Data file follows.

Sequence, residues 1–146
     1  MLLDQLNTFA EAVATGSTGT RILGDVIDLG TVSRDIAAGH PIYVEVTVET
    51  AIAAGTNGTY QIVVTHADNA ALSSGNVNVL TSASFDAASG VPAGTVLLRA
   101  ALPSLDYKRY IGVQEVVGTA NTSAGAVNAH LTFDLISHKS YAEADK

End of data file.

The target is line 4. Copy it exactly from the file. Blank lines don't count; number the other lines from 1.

   101  ALPSLDYKRY IGVQEVVGTA NTSAGAVNAH LTFDLISHKS YAEADK